“If you want to make architecture rather than just a building, you have 3 choices: hire an architect, become an architect or learn to think like an architect.” – Hal Box, from the book, Think Like an Architect.
My 9 year old loves skyscrapers and over the weekend we stumbled across an interesting read about the Intempo Skyscraper that was plagued with design and architecture problems.
The building was originally intended to have 20 floors but during construction, the developers changed the plan to 47 floors. Unfortunately, the architecture and design wasn’t updated to reflect what would actually be needed to accommodate this. As a result, there was no space for the additional elevators to get people to the top!
Architecture is a fixture of software development and building construction and there are severe impacts to both when architecture is forgotten in favour of getting real work done. But what about change? Many of today’s change models focus on executing linear processes in order to install change in an organization. If we only follow these best practices from <insert big consulting firm, or popular process model here> we’ll be successful!
In the book Think Like an Architect, the author describes in 13 chapters how one can learn to, well, think like an architect. From exploring other buildings to visualizing architecture with drawings and actual building work, architecture is happening constantly.
With organizational change, using these ideas is a little bit different so we can remove a few of those chapters and focus on what’s relevant for change architects.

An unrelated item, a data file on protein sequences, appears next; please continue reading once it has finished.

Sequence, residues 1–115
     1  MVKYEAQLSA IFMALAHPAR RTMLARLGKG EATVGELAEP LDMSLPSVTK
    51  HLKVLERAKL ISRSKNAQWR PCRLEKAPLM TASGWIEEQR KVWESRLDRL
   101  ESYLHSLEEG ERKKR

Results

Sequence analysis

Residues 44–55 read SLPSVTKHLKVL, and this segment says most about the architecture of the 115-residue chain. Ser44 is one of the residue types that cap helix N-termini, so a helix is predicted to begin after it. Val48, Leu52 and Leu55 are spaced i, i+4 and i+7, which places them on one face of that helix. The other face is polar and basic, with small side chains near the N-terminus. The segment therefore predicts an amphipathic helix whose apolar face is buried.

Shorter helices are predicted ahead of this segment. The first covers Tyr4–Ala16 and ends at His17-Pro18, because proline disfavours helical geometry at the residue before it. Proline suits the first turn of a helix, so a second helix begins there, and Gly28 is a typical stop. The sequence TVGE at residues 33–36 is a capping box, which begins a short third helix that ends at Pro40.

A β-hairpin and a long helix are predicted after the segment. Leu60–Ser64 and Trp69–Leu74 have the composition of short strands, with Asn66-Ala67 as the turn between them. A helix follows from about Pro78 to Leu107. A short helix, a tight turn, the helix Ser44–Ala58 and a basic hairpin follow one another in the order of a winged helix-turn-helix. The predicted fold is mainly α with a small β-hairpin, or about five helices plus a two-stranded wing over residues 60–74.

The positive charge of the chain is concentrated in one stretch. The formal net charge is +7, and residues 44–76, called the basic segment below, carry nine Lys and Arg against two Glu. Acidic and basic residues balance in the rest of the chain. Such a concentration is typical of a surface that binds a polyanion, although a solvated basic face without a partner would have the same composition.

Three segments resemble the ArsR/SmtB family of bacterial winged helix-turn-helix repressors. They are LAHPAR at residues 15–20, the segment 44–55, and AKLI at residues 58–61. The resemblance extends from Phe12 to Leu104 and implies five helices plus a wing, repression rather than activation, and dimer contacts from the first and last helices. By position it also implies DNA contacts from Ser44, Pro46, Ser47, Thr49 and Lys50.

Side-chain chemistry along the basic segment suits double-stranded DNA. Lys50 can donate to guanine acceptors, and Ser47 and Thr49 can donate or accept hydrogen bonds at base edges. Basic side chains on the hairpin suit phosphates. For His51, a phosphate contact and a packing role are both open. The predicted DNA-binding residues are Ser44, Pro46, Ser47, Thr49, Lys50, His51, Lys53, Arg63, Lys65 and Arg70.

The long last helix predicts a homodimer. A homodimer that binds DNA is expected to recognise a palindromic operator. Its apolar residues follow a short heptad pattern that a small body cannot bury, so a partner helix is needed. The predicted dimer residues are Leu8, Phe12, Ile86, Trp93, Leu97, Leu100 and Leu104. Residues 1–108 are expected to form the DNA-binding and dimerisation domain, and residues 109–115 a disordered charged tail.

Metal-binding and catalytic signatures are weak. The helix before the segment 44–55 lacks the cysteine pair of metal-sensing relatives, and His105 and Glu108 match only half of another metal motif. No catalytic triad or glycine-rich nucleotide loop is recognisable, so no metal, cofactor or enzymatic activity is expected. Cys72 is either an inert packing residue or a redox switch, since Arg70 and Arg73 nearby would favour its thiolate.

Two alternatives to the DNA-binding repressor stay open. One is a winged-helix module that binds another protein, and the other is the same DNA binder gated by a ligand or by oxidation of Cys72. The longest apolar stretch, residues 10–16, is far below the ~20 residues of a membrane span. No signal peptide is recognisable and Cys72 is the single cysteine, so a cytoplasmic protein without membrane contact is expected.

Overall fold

Vision: What’s the vision for this change? What do we aspire to be?
Models: Which models are relevant to the type of change we’re implementing? You would approach a re-org drastically differently from how you would approach an Agile Transformation or a large business process change.
Explore: Connect with other change architects. What tools and models are they using? What is working for them? What hasn’t worked for them? Look at Options and consider the cost vs value tradeoff, some changes might not be worth implementing.
Visualize: Use big visible information radiators to communicate the change and manage the change work. Visualize impacts of change experiments and visualize feedback from people affected by the change.
Add Meaning: What does this change mean for our organization? For our people?
Organizational change is highly un-certain, learning how to explore and navigate your way through change by thinking like an architect can help you, and your organization figure out the best way to manage change instead of simply buying an off-the-shelf and prescriptive process.